31 oct 23

5 trends from the Japan Mobility Show 2023

For the first time in four years, Japan hosts a motor show again. The focus of the reformed event, now dubbed Japan Mobility Show, lies on battery power, newcomers and - just like in the heydays - mind-boggling concepts. Fleet Europe highlights the trends for fleet managers who want to tap into the future of transport and mobility in Japan.

Yes, Japan is picking up on battery-powered cars and vans as they seek to catch up with competitor brands from abroad and try to shake off the image of sluggish EV adoption. In a year-on-year comparison, sales of battery-powered cars are tripling in the Archipelago this year, but the absolute numbers remain modest. The market penetration in 2022 did not exceed 1.7%.

Whether the BEV share in Japanese fleets will ever rise above 50% remains the biggest question mark under the show’s spotlights, as the transition today is mainly driven by minicars or kei-EVs (the Nissan Sakura is the nation’s best-seller) while the rollout of charging infrastructure remains challenging in the strongly urbanised nation.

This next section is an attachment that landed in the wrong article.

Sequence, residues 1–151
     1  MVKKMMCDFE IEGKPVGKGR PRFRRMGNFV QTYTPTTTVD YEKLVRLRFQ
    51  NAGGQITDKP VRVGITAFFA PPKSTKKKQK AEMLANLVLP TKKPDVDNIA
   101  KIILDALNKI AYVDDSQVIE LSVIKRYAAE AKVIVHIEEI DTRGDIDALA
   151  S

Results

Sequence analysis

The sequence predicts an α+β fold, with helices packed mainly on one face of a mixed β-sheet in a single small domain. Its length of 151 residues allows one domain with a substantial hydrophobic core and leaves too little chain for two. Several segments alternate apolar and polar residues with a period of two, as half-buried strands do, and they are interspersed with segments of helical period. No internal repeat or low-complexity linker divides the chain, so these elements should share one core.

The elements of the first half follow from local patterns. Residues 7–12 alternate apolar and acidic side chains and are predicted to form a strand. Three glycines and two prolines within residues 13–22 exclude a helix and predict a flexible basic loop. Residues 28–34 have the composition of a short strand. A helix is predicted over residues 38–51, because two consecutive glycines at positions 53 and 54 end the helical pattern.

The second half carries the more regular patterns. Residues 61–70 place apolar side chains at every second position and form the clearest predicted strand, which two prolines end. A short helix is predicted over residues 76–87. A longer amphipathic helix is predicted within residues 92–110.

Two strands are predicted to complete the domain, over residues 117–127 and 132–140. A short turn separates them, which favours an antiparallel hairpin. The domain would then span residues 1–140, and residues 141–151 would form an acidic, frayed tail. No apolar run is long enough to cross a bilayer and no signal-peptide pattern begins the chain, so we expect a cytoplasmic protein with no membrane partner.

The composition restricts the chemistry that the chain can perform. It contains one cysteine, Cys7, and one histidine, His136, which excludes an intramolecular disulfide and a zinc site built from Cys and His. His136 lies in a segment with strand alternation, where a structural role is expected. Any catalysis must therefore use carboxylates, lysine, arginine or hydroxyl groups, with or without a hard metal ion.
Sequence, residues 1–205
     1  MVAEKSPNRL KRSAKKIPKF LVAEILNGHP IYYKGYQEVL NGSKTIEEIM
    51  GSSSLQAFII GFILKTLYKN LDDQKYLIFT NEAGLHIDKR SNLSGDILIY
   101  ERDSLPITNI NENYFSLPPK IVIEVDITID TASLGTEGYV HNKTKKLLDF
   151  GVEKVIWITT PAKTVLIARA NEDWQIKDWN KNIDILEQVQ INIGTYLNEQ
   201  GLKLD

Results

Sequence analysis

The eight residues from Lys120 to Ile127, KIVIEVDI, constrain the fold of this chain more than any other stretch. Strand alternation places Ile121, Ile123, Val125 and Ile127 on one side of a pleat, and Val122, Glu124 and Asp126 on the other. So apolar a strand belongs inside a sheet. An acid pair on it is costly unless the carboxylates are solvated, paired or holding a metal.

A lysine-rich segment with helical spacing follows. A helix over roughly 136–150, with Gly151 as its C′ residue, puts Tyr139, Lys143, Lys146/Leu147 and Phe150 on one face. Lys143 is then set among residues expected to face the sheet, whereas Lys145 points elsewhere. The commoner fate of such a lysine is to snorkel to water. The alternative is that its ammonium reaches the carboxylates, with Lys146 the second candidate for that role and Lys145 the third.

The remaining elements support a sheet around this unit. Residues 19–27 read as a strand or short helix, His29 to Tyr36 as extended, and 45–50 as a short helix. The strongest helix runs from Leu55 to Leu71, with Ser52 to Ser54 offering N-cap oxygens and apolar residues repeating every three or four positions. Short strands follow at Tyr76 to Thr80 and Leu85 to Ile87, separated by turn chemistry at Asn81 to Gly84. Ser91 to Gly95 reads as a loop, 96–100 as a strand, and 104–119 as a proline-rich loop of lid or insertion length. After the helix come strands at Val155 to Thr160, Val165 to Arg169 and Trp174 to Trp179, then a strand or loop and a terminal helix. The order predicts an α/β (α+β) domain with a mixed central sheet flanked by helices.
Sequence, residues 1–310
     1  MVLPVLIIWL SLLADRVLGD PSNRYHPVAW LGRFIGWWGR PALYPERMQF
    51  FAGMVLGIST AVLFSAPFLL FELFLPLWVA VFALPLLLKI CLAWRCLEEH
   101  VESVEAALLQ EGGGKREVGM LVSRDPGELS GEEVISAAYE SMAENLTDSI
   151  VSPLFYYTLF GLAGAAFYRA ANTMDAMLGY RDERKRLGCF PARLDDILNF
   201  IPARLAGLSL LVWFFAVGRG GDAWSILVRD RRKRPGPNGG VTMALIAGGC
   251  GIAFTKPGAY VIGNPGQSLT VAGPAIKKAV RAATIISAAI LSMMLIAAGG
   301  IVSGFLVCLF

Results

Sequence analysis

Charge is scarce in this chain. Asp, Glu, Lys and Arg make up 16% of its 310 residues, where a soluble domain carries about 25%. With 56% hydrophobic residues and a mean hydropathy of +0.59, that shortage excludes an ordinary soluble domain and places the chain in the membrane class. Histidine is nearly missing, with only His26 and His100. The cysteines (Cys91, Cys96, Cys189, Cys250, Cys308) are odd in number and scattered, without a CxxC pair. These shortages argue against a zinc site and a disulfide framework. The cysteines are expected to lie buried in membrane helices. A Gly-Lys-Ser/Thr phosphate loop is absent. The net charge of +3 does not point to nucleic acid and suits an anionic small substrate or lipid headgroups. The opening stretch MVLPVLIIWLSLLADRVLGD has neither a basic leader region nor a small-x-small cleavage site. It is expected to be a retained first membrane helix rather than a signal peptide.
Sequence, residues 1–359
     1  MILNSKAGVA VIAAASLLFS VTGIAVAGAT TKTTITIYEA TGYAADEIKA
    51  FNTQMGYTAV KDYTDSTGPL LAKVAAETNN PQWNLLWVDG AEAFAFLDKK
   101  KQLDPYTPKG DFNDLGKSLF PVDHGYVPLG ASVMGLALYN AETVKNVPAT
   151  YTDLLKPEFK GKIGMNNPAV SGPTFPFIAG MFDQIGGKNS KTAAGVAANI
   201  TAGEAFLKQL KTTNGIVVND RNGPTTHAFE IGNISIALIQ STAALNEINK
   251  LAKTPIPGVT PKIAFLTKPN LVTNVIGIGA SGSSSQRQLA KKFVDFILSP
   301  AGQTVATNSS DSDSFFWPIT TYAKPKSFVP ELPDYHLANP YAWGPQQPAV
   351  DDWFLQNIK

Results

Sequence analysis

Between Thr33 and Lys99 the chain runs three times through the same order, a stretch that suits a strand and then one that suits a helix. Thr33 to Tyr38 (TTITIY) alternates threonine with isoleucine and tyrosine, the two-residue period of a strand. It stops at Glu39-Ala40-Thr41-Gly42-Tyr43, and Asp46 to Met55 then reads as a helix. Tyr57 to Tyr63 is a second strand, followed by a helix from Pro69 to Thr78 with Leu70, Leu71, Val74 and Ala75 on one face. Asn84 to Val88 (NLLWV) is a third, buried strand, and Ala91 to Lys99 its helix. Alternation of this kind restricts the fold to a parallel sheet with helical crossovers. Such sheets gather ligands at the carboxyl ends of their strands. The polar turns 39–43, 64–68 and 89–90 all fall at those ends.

Swapping the label Motor for Mobility is a successful move, as the trade fair witnesses a record number of 475 participants, featuring robots, air and personal mobility and even an area zooming in on transport solutions after natural disasters.

1. The U-turn towards BEVs

Toyota vowed to make up for lost momentum and projected a registration target of an annual 1.5 million battery-powered models by 2026, rising towards 3.5 million by the end of the decade. Last year, Toyota sold 24,000 EVs globally.

Still, most BEV show stoppers from the Toyota group were concepts, like the Lexus LF-ZC, promising a next-generation platform, state-of-the-art software and a remarkable range of 1,000 kilometres from enhanced lithium-ion technology. Its most exciting vision was the Kayoibako, a multifunctional zero-emission van, deployable as taxi or shop on wheels.